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Cristina Henriquez

2016 Everybody Reads author Cristina Henríquez discusses the power of fiction to forge stronger bonds of community and empathy.

In this episode of The Archive Project, Cristina Henríquez discusses the real-life inspirations behind the characters in her novel, The Book of Unknown Americans, namely her parents and the various communities she engaged with when moving to several different cities throughout her childhood. She goes on to discuss the power of imagination, fiction, and reading to help people build stronger connections to one another, stating, “That’s the power of stories. They deepen our empathy. They expand it. This is one of the things in particular that fiction does. And it does it through a feat of imagination. Because of words on a page arranged in a particular order, it allows you, the reader, to imagine someone else’s life.”

The 2016 Everybody Reads pick, The Book of Unknown Americans explores the lives of two families who have come to the United States from Mexico and Panama, as well as the experiences of men and women who have immigrated from all over Latin America, as they pursue different versions of the American Dream. Everybody Reads is a community reading project of Multnomah County Library, made possible in part by gifts to The Library Foundation. The Everybody Reads program celebrates the power of books in creating a stronger community through a shared reading experience.

“When I read a book, or when I go to a movie, part of what I’m seeking is that emotional connection to the characters of the story. I hear people say sometimes that they read a book because they want to escape. But for me it’s just the opposite. I don’t want to escape life. I want to see it. I want to see it in new ways, from new angles and new perspectives; I want to dive deep. That’s why I turn to books. And I want to give readers that experience too, even if it’s painful, especially if it’s painful. I want to break your heart.”

Cristina Henríquez grew up in Delaware, where her novel The Book of Unknown Americans is set. She discovered her love of writing in high school, when a boy she had a crush on gave her journal to write her feelings down in. “For the first few weeks, I was writing to him, spilling my feelings upon the page with relish,” She recalls. “But it didn’t take long before I found I was writing for myself and for the sheer enjoyment of the act of writing. I was hooked. I sat down at the end of each day and scribbled page after page, experimenting with new ways of saying things and reveling in a feeling of absolute freedom.” Though the boy never returned her romantic feelings, Henríquez had found her passion. She went on to earn her undergraduate degree from Northwestern University and her MFA from the Iowa Writers’ Workshop. The Book of Unknown Americans was chosen as a New York Times Notable Book, one of The Washington Post’s top 50 fiction books, and an NPR Great Read, among other accolades. Other works by Cristina Henríquez include Come Together, Fall Apart: A Novella and Stories, which was a New York Times Editors’ Choice selection, and the novel The World In Half. Her work has been published in a variety of journals and anthologies, and she is a recipient of the Alfredo Cisneros Del Moral Foundation Award, a grant started by Sandra Cisneros.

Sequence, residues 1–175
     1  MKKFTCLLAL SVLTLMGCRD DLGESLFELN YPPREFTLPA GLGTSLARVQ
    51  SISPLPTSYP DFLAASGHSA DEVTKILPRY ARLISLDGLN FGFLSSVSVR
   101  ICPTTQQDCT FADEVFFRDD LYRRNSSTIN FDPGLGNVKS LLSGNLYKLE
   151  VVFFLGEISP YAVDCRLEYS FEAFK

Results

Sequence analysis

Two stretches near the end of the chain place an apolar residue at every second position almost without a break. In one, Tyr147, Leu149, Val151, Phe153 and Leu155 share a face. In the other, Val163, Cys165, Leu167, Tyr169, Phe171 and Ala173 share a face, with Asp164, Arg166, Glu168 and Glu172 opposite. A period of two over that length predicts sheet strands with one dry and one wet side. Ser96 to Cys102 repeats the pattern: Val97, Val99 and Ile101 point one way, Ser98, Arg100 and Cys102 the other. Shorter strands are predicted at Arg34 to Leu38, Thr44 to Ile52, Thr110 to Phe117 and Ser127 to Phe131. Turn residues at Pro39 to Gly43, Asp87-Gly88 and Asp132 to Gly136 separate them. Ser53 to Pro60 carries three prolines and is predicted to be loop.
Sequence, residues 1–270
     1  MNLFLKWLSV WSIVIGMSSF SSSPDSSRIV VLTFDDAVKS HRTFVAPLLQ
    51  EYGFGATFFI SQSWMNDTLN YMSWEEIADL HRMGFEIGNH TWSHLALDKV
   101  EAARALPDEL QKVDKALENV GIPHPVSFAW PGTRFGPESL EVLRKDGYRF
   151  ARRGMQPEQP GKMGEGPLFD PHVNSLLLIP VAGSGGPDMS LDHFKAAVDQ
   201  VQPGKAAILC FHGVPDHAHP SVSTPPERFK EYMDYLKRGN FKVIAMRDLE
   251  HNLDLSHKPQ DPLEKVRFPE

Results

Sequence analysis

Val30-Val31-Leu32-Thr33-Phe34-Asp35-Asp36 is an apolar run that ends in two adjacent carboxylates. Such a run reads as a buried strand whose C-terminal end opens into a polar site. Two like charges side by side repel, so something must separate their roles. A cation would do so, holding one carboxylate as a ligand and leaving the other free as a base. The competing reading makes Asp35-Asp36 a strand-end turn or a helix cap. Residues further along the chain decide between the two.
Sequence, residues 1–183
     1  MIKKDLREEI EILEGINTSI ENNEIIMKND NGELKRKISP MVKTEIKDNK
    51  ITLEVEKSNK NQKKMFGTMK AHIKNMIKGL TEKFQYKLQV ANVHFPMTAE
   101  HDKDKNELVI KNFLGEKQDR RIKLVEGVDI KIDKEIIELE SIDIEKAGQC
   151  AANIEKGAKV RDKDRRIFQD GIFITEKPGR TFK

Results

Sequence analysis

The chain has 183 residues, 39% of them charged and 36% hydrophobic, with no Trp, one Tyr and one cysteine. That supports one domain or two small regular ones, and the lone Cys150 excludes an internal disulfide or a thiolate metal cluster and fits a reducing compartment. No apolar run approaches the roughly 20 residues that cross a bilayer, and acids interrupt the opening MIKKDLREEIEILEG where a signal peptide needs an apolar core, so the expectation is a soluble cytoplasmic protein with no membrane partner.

“Too often, it seems to me, sameness is what people are after. And the reason, of course, is that sameness is easier. Sameness coddles us; it makes us feel comfortable and safe. I know this space, it makes us think. I know what to do here and how to behave. I know what’s expected. I can just be, without having to try very hard. Difference, on the other hand, is disruptive. It challenges us. It requires us to learn something new, or to adapt, or even just to listen. But it asks something. It puts the burden on us.”

“Imagination is like most things: it’s a skill you practice. And the more you practice it, the easier it is to summon. It changes the way your mind works. It changes the way you see other people. Where once your mind harbored fear, which grows too often from a lack of understanding, now you have the impulse for compassion. Where once you had distance, now you have a feeling closer to communion. Where once you had the instinct to hold your community tightly around you, pulling it closed like a cape, now you have the thought to open the wings and let others in.”